Shirley Simpson (left) and Ray McFarland (right) star in “Mrs. Mannerly.” John Maxwell (middle) directs New Stage’s newest play, on stage Sept. 9-21.
Photo by Trip Burns.
"Mrs. Mannerly" wants to teach Jackson some manners. New Stage Theatre and Director John Maxwell will present "Mrs. Mannerly," a play inspired by Jeffrey Hatcher's memories of his childhood etiquette classes, as the fall season opener Sept. 9-21.
The two-actor show is set in Steubenville, Ohio, in the summer of 1967. Shirley Simpson plays Helen Anderson Kirk, a mysterious older woman who teaches manners classes on the second floor of the YMCA, earning her the name "Mrs. Mannerly." Ray McFarland portrays the young playwright, 10-year-old Jeffrey Hatcher.
During the cast's second rehearsal a couple of weeks ago, the two actors practiced their lines, seated in a downstairs room of the theater. Simpson's Kirk was classy and graceful. She carried herself with the sort of reservation that incites you to analyze her every word, following them like a trail that you hope will lead to the truth.
McFarland's transition into a 10-year-old boy with a high-pitched voice was seamless; he broke into fits, huffing and protesting in the most believably childish way. Maxwell, who has directed the two actors numerous times, calls them "splendid talents"—a reason in itself for the play to succeed. He guided the two around the makeshift stage, reading excerpts from the script and giving his interpretation, urging them to let the script speak for itself and keep the simplicity of a teacher-student relationship intact.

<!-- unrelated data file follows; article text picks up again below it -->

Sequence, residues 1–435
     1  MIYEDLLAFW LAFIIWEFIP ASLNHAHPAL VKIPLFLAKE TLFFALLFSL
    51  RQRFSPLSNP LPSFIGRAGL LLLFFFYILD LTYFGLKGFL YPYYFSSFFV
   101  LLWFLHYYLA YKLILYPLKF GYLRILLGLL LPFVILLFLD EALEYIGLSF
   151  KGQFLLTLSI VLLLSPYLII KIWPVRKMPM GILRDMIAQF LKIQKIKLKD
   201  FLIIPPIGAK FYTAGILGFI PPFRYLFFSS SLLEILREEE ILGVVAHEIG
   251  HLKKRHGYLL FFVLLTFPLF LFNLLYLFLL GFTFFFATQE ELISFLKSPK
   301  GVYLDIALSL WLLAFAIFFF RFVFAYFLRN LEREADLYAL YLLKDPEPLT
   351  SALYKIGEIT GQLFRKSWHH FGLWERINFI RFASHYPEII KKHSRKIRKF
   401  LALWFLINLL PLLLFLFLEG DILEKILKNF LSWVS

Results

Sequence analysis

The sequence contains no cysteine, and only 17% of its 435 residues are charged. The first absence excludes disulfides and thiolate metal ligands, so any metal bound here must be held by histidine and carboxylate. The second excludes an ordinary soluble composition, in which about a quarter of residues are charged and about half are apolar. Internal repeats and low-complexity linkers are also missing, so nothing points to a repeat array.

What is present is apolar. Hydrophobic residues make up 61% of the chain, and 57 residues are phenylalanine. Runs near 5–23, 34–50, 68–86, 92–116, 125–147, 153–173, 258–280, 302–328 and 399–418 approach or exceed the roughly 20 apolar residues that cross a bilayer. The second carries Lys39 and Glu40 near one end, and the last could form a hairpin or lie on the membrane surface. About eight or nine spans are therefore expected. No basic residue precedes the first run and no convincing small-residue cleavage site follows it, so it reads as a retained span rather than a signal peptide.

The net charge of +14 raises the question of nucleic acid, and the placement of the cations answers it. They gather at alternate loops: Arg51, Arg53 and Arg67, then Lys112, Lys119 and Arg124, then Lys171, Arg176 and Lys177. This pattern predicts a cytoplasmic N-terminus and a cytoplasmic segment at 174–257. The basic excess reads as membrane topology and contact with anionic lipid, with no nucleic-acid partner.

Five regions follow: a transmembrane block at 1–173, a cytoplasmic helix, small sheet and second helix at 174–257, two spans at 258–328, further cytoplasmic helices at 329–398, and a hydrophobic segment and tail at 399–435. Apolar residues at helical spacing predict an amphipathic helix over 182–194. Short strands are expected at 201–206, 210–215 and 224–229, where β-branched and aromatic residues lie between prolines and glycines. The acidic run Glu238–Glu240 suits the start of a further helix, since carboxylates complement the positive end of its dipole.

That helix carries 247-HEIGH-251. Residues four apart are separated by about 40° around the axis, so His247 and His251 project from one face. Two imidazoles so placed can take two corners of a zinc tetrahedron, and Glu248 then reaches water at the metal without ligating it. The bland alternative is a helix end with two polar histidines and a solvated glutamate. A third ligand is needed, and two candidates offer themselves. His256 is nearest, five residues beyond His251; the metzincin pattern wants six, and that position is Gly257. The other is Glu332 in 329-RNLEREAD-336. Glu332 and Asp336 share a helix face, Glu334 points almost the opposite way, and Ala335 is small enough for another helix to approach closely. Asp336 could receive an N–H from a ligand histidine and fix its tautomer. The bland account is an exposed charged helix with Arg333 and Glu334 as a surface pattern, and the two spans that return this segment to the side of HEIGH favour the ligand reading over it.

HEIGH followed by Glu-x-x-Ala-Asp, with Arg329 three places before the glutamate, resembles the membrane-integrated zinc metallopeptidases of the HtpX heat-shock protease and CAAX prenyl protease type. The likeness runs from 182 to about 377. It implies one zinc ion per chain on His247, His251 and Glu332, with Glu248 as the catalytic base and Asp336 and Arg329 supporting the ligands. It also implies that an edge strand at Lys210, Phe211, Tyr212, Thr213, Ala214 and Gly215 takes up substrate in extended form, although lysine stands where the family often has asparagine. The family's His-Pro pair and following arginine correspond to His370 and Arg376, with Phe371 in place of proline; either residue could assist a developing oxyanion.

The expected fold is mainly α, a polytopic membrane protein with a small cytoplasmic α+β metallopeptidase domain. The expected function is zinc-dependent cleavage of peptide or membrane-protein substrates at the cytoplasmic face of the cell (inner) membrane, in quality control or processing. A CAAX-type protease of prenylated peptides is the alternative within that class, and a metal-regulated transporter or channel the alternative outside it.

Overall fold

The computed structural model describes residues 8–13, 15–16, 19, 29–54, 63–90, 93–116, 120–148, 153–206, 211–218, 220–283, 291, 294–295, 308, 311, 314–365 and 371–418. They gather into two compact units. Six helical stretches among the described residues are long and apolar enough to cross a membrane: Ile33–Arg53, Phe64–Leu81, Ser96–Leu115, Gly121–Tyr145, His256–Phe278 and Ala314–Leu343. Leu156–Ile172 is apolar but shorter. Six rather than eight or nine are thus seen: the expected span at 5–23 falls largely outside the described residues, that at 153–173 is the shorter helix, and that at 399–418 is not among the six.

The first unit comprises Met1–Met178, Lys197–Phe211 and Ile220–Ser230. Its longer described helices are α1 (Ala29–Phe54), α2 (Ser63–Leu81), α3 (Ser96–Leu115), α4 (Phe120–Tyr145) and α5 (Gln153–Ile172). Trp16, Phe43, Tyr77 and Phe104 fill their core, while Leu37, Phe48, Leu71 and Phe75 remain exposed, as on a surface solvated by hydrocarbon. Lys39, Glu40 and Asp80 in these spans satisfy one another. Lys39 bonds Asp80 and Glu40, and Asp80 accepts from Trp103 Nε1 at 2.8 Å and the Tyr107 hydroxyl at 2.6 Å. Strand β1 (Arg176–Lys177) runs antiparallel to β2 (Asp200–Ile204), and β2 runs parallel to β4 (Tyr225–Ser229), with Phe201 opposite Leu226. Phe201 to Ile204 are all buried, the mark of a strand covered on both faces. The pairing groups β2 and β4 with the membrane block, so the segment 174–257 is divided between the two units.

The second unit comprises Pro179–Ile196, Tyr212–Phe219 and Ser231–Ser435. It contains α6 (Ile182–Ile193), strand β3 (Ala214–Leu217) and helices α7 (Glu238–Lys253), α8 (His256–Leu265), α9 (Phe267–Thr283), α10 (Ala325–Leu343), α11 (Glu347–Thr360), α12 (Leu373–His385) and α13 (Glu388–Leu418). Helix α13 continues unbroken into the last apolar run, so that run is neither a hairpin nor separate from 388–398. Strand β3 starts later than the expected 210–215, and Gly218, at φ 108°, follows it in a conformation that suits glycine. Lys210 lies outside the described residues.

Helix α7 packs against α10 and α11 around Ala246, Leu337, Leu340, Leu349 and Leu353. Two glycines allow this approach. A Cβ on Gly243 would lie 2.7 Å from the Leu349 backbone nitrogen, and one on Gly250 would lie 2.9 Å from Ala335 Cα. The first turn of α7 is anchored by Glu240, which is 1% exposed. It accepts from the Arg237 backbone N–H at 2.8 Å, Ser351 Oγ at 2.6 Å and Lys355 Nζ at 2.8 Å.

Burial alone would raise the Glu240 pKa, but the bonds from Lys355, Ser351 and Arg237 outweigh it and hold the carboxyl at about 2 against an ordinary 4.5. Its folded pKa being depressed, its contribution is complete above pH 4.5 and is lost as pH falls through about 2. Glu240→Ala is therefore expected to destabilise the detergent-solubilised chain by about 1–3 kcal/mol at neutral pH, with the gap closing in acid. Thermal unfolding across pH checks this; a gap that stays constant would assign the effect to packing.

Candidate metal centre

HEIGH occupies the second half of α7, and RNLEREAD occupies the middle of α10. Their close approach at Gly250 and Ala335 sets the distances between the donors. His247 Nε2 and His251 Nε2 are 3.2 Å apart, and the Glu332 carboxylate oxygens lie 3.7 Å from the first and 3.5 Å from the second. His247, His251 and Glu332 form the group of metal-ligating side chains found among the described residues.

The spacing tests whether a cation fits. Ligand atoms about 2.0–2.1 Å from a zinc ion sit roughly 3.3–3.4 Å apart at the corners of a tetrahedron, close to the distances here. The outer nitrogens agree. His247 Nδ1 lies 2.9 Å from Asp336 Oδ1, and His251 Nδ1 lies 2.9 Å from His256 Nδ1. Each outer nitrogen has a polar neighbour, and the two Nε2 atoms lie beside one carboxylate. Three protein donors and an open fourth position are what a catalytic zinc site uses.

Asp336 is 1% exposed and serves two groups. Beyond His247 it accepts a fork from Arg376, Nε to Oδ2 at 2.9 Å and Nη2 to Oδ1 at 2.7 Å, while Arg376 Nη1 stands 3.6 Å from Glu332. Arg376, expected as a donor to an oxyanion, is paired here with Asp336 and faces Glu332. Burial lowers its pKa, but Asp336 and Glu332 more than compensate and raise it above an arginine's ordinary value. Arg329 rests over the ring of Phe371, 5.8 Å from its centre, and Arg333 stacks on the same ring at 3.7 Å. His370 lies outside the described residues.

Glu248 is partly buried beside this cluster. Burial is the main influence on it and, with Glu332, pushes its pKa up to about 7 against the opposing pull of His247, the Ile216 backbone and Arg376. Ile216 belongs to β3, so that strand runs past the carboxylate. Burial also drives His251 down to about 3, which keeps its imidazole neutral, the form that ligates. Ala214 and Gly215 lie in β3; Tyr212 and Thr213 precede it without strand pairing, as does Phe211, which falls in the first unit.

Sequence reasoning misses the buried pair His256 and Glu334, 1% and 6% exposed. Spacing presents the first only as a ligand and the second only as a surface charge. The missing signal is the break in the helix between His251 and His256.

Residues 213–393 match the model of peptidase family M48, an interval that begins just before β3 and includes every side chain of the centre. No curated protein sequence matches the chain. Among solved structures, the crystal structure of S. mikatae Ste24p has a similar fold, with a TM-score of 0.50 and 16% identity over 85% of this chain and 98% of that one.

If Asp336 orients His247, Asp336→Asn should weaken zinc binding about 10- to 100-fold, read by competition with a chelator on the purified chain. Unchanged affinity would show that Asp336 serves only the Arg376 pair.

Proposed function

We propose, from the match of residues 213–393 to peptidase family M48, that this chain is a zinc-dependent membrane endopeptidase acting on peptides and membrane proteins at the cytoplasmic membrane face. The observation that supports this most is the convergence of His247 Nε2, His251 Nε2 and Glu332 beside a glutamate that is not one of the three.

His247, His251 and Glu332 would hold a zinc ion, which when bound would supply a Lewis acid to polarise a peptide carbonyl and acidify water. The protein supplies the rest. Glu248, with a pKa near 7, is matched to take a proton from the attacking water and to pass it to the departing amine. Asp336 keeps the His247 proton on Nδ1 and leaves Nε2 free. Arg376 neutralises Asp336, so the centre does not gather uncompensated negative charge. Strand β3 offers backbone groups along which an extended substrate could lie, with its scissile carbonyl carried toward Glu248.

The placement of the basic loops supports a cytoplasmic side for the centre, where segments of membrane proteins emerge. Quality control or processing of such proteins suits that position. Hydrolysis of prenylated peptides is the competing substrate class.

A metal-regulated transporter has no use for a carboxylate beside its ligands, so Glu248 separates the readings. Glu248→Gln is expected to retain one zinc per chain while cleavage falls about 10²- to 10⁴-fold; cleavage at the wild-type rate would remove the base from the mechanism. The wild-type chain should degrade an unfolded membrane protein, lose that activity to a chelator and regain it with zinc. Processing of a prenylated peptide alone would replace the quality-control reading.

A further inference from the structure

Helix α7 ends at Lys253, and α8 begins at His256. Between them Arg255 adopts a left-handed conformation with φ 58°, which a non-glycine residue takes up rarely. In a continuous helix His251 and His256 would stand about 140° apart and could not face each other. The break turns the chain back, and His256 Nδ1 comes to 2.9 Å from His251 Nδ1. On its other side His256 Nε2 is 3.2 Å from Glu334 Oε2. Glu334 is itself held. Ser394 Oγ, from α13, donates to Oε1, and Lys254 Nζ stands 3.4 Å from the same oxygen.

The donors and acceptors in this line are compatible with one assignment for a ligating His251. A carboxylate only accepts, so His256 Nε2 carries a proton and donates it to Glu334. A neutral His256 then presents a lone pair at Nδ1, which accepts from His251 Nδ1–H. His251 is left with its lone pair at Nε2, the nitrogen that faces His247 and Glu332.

That relationship doesn't stay simple for long, however. Hatcher, a privileged child who is only good at being polite, becomes obsessed with beating each of his classmates out to earn the first perfect score in Kirk's 36 years of teaching. He and Kirk become more complex, while the other characters remain one-dimensional, drawing the attention to the developing relationship between the main characters and accurately representing how we tend to remember things from our childhood.
When Hatcher discovers a secret from Kirk's past, he's more determined than ever to earn the perfect score, defeating not only the other students, but also Mrs. Mannerly's high standards. As the play progresses, it uses witty dialogue to explore societal themes, including how childhood shapes a person as well as the difference between how others perceive us and who we really are.
McFarland also serves as the voice for five other students who compete with Hatcher for a perfect 100 on Mrs. Mannerly's final test, a feat that has never been accomplished by any of Kirk's students.
Maxwell, who directed Fish Tale Group Theatre's "The Laramie Project" was recently cast in "Voices of Freedom Summer," says the play is pure amusement. "It's fun, it's entertainment. It's a great show to start the season because it's a general audience pleaser," he says. "There's a time for that, too."
"Mrs. Mannerly" will be at New Stage Theatre (1100 Carlisle St., 601-948-3533) Sept. 9-21. Shows on Sept. 9-13 and Sept. 16-20 are at 7:30 p.m., and matinees are at 2 p.m. Sept. 14 and 21. Tickets are $28, and $22 for students and seniors. For more information, visit newstagetheatre.com.